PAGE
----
• How do you implement good security hygiene?
  • Securing digital transformation

    So far the perceived benefits of insecure applications seem to outweigh the risks. But with digital transformation, the effects of insecurity become more profound and potentially dangerous.

    • DevOps + infosec - how can they work together?
    • How can you ensure the security and resilience of applications and data in the Cloud?
    • Who is accountable for the Cloud?
    • What are the security implications of digital transformation, AI and the Internet of Things?
  • A different approach to the issue of us

    A system designed to pick up unusual employee activity patterns identifies a potential insider threat. Further investigation reveals a threat of a different kind - the employee is considering suicide.

    • Is the best way to solve core cyber problems to pay more attention to the things we do when we are simply getting on with the job?
    • What are the synergies between cybersecurity, user analytics, employee wellbeing and customer experience?
    • For most people, data protection/privacy will not be front of mind 24/7. Slipups will happen. How do you mitigate the risk this poses?
  • Breaking down the barriers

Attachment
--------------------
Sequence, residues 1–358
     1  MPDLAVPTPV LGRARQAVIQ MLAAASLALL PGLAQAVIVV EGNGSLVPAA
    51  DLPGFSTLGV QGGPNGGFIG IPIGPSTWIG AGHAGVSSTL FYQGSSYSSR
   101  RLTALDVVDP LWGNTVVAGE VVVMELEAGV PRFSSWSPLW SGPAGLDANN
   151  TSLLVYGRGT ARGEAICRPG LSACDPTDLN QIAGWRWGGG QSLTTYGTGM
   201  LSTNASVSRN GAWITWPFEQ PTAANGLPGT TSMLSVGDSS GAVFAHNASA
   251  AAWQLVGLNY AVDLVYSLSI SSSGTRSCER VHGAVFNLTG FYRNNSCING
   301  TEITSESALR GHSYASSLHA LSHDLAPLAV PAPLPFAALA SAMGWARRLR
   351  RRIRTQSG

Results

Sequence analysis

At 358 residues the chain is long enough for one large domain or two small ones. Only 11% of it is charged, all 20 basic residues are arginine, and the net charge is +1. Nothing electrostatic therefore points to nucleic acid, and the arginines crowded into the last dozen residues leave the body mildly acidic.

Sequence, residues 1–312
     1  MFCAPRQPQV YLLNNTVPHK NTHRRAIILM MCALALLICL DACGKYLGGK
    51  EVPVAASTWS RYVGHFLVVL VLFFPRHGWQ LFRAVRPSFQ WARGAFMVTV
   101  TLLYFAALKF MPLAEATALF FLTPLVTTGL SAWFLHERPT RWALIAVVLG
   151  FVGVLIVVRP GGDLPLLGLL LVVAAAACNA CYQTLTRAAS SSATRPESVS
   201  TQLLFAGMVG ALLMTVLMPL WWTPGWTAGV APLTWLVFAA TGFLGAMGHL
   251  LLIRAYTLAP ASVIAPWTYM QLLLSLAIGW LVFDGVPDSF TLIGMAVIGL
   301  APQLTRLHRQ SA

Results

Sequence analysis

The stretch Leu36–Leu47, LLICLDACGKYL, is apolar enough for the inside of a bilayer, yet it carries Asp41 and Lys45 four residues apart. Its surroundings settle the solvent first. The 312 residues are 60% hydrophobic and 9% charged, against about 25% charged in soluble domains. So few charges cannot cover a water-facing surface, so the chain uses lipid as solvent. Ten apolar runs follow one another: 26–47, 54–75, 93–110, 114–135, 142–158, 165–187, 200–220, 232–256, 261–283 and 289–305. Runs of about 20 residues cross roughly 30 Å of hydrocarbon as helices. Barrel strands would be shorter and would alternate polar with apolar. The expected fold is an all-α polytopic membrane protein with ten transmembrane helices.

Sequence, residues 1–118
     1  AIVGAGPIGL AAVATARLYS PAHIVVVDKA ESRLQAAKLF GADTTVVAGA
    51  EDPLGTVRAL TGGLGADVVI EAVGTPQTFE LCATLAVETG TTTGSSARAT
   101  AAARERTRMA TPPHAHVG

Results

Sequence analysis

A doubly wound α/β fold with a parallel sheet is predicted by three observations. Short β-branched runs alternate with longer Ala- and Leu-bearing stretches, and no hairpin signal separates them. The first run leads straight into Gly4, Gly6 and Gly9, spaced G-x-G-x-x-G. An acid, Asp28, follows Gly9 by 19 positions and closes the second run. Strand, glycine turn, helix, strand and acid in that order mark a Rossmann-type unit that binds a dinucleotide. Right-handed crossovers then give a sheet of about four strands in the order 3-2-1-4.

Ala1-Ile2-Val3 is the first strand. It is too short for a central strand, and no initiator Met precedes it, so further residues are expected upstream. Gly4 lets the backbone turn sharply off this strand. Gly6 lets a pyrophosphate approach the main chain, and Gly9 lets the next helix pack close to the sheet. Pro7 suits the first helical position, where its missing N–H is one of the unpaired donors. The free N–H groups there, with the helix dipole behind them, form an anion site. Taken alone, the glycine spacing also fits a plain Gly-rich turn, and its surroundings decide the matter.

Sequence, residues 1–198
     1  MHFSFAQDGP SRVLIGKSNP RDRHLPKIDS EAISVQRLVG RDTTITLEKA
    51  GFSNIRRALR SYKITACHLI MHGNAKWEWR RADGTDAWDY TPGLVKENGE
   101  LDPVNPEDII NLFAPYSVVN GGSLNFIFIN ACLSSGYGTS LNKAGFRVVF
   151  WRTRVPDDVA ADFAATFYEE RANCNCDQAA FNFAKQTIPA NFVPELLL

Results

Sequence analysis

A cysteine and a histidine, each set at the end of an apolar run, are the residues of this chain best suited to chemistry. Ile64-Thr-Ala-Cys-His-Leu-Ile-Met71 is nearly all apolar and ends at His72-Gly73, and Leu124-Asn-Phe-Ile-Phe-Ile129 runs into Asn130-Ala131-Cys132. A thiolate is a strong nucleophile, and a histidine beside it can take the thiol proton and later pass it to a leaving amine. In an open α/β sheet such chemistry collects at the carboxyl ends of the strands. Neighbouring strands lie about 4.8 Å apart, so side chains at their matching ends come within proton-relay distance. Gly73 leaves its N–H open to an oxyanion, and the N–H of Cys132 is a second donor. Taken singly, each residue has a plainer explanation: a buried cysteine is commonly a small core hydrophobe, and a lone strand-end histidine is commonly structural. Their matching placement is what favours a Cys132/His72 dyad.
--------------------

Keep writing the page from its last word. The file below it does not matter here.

Cross-function communication is key to robust security, but even in areas where the connection is obvious, it's remarkable how siloed cybersecurity can be from the rest of the business.

    • How can you make sure security is built into all business processes?
    • The value of fraud flagging in detecting data loss and data privacy issues, and the value of data protection for fraud prevention
    • What does a joined-up operation (such as between fraud and security teams) look like?
  • Managing the privileged few

    • Data privacy and security both rely on proper management of user privileges and privileged accounts
    • How do the different requirements of privacy, security and the business interact?
    • Managing privacy is more complex than putting tech in place against hackers: what are the solutions and strategies that can help?
  • Slow train coming: the wait for intelligent cybersecurity

    • Automation is linear and rules-based, and automated cybersecurity solutions work that way: using signatures and/or historical data to identify issues
    • Current machine learning solutions are not much more advanced than this methodology, and statistical analysis still generates too many alerts for most human teams
    • Are we any closer to the availability of truly 'intelligent' solutions capable of living up to their promise?

Who attends

Job titles

Chief Information Security Officer